In what was easily the most significant Thanksgiving Day game played in Detroit in the last ten years, the Green Bay Packers ran their record to 11-0 by beating the Lions pretty soundly 27-15.
After the game, the big story had nothing to do with the Packers' chasing history, nor did people want to talk about the fact that Aaron Rodgers actually has a better passer rating 11 games into this season than Tom Brady had 11 games into his perfect 2007 regular season.
The big topic after the game actually had little to do with the Packers. As he has on multiple occasions already this season, Lions defensive tackle Ndamukong Suh made himself the story with another extracurricular cheap shot. This time Suh got ejected from the game when he followed three slams of the head of Packers guard Evan Dietrich-Smith into the turf (picture a WWE wrestler bouncing his opponent's melon off of the top turnbuckle) with a stomp on his right arm.
After the game, Suh had a meandering, contentious, excuse-laden rant where he tried to convince the media (and likely the American public and even himself) that the stomp was not an attempt to inflict pain on Dietrich-Smith, but instead a slight misstep as he tried to extricate himself from a testy situation.
I had one of my Twitter followers and loyal listeners, Jared Dufour, ask me the question Thursday afternoon, "From the perspective of someone who's met him, is there an athlete with a bigger gap between their on-field and off-field personas than Suh?"
It's a fair question. I've had the chance to interview Ndamukong Suh in person on my radio show on a couple occasions, once in Houston at the Lombardi Award in 2009, and then in February at the Super Bowl. When he's not trying to justify his blatant disregard for the rulebook, he's actually incredibly engaging and thoughtful. He's a smart guy. He's generous and very active in the community.
That's what makes this recent "heel turn" all the more fascinating.
There are lots of athletes who "play mean," but in real life they are really good guys. Suh is perceived to be a genuinely dirty player, and on top of that not only is he unapologetic about it, he now tries to justify his actions.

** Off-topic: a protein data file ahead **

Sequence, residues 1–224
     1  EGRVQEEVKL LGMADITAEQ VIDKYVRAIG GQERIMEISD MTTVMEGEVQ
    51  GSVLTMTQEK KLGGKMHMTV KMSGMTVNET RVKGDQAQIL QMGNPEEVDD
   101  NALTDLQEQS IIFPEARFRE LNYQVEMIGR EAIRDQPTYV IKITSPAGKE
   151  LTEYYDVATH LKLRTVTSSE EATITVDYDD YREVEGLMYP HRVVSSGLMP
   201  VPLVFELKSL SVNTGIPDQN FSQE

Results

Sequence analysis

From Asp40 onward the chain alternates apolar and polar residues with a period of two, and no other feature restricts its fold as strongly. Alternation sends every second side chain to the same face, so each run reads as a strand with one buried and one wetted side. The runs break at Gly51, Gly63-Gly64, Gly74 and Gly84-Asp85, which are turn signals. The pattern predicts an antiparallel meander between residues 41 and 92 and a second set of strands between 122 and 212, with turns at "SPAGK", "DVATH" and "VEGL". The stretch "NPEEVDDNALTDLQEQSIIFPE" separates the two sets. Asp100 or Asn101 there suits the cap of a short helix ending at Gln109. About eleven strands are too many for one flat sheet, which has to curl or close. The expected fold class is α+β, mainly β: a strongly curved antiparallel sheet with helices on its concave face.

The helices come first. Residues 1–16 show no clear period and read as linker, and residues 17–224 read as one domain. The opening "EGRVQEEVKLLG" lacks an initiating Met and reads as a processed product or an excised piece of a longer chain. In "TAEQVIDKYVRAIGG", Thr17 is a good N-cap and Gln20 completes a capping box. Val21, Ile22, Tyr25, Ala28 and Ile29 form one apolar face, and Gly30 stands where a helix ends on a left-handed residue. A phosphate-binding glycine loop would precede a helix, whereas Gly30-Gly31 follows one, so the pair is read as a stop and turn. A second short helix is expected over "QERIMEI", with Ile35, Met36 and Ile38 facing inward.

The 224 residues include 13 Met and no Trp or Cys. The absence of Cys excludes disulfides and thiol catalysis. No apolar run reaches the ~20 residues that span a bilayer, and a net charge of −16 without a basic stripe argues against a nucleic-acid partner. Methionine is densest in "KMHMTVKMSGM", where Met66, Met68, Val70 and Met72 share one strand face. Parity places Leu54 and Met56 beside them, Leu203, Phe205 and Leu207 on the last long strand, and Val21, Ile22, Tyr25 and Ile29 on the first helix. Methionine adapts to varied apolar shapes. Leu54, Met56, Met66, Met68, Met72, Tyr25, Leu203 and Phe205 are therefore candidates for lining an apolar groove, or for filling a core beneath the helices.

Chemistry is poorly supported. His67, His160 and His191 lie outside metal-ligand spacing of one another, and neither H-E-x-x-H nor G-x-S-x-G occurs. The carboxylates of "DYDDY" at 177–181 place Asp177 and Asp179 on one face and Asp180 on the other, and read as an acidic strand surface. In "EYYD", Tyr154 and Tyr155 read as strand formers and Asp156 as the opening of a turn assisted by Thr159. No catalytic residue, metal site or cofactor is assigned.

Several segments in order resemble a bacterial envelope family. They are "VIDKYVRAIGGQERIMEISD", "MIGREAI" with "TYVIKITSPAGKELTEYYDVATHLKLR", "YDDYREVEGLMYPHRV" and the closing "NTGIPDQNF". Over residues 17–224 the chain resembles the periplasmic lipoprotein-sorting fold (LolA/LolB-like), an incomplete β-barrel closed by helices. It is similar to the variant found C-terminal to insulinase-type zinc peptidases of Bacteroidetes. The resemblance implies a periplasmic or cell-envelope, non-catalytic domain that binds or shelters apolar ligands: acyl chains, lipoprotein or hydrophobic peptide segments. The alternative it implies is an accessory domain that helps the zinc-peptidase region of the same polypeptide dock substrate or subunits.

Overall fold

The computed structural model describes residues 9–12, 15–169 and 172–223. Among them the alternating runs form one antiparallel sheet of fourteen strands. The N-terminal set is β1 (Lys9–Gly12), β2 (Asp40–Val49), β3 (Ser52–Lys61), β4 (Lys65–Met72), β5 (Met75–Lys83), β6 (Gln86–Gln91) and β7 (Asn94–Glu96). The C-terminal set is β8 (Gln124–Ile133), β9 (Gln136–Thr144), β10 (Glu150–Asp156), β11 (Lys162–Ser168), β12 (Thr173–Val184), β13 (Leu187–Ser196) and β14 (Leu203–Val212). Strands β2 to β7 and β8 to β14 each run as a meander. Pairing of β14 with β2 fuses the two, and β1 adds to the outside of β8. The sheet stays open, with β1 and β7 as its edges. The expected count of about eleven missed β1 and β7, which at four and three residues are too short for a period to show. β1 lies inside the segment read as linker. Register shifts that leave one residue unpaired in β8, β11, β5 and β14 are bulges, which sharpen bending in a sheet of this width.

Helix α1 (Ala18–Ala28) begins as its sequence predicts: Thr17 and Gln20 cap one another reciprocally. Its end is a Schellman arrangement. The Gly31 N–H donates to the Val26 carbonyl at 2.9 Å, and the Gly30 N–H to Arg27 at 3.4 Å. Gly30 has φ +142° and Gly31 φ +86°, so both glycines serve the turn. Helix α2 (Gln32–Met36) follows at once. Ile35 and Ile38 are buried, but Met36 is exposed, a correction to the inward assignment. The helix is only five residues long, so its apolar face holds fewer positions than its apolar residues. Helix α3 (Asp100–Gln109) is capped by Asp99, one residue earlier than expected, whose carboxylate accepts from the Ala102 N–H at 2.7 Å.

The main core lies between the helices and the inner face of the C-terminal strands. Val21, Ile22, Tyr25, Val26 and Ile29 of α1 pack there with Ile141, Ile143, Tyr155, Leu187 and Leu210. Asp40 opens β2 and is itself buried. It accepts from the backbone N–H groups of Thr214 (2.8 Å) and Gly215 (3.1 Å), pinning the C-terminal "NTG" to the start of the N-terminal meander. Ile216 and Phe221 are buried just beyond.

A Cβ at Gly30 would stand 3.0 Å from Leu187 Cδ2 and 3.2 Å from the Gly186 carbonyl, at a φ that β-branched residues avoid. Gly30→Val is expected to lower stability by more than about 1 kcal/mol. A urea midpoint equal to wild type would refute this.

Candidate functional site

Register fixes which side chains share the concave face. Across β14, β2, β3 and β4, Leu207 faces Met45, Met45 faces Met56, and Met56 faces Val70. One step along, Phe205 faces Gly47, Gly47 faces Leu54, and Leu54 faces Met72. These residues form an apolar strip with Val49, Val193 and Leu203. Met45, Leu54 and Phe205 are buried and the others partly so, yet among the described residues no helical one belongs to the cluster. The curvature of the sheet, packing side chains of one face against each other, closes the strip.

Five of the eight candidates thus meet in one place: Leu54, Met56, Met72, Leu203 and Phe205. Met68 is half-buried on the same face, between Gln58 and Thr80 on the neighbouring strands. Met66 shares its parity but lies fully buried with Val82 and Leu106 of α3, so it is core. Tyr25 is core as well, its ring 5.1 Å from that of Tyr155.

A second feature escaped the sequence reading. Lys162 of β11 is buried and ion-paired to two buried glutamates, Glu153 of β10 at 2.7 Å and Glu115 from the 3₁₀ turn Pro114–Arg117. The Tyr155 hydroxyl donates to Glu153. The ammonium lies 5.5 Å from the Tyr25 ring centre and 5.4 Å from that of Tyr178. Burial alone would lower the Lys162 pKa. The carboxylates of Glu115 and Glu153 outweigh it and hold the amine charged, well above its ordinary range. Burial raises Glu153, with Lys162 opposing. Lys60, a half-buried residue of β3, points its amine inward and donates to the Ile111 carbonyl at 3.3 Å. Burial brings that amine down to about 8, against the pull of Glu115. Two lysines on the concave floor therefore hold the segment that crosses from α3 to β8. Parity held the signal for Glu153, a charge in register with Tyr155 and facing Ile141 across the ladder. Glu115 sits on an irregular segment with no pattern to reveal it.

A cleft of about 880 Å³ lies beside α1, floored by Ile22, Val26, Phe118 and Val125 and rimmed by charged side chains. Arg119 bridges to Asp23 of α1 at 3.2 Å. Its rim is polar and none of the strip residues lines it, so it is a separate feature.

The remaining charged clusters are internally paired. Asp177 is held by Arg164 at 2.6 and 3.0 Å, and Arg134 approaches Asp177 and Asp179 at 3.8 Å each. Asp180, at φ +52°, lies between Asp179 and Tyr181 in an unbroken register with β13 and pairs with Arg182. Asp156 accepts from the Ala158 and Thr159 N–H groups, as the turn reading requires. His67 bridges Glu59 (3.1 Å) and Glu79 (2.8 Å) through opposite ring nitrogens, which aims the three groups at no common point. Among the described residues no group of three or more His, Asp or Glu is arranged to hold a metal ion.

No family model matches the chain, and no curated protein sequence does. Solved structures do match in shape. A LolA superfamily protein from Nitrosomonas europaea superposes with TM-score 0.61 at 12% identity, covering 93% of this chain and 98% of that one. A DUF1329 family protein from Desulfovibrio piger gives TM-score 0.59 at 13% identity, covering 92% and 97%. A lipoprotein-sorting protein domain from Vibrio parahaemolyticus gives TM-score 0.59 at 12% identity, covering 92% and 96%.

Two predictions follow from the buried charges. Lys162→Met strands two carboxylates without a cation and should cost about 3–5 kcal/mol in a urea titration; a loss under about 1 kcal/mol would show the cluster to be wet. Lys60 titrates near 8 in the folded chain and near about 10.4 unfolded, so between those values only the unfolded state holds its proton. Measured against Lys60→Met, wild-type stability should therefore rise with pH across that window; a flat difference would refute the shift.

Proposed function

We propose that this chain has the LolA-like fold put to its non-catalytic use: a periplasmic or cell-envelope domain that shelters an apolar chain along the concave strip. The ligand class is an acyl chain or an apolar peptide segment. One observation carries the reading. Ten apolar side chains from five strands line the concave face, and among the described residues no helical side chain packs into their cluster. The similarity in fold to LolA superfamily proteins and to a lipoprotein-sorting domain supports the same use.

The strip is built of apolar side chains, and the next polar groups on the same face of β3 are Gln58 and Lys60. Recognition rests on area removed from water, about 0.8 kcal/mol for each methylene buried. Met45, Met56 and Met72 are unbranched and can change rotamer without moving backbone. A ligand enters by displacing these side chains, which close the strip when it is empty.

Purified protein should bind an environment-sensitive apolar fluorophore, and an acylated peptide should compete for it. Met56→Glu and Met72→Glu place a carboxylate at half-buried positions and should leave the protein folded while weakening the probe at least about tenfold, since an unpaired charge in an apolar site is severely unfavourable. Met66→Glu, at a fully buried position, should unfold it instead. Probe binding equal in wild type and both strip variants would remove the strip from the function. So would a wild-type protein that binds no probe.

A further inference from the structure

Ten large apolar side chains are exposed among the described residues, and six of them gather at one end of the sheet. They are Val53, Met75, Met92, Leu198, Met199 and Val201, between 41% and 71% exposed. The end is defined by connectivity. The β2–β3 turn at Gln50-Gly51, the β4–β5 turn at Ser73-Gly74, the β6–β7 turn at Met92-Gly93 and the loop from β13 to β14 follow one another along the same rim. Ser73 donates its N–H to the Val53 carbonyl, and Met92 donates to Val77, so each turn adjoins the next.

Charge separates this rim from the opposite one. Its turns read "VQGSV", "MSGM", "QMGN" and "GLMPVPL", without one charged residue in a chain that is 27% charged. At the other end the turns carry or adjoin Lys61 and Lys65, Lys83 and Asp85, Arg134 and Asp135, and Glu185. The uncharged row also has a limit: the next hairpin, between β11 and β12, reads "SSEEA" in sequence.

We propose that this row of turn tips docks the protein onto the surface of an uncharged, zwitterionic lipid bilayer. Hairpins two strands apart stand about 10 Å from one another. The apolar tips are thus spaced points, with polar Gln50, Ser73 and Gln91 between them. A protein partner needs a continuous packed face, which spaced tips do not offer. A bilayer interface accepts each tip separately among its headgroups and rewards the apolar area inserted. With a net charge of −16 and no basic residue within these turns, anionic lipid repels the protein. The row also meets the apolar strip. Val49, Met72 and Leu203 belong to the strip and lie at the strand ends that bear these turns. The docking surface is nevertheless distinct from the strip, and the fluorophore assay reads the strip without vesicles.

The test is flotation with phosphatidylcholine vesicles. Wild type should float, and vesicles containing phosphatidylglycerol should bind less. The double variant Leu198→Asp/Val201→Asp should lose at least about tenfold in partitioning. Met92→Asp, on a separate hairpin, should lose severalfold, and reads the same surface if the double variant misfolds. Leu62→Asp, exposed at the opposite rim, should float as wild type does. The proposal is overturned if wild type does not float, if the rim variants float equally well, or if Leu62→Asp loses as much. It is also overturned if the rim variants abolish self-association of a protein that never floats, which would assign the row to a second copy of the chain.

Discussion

If the NFL were the WWE, Suh would be an amazing monster heel (wrestling lingo for "über-villain"). An unstoppable tour de force of an athlete, breaking rules and then telling you he's just doing what he needs to do to win, forcefully and eloquently. Like Shaquille O'Neal meets Ric Flair.
It begs numerous questions -- Is this who Suh was back at Nebraska and we just didn't know? Are these survival instincts kicking in as he plays one of the most physical positions in football? Does he really believe his own rationalizations for his behavior? Or is he working all of us? Living in 2011, one thing we know is the 24-hour news cycle will turn this "Suh Stomp" into third-degree murder by Monday. If I may remind everyone what truly DIRTY play looks like, let's rewind to November 23, 1986. Remember Charles Martin and Jim McMahon?
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If that play happened in 2011, Martin is suspended for the rest of the season, the guys high-fiving him on the sidelines all get three-game suspensions, and Twitter shuts down for at least ten minutes, after which "Charles Martin" is trending for the next ten days.
But Charles Martin was a bit player, a no-namer whose entire relevance as a player came from that one YouTube clip. Suh is one of the faces of the league and one of the most heavily marketed players in the game.
And rapidly becoming the most hated. I can't look away.
Listen to Sean Pendergast on 1560 The Game and Yahoo! Sports Radio from noon to 3 p.m. weekdays, and follow him in Twitter a http://twitter.com/SeanCablinasian.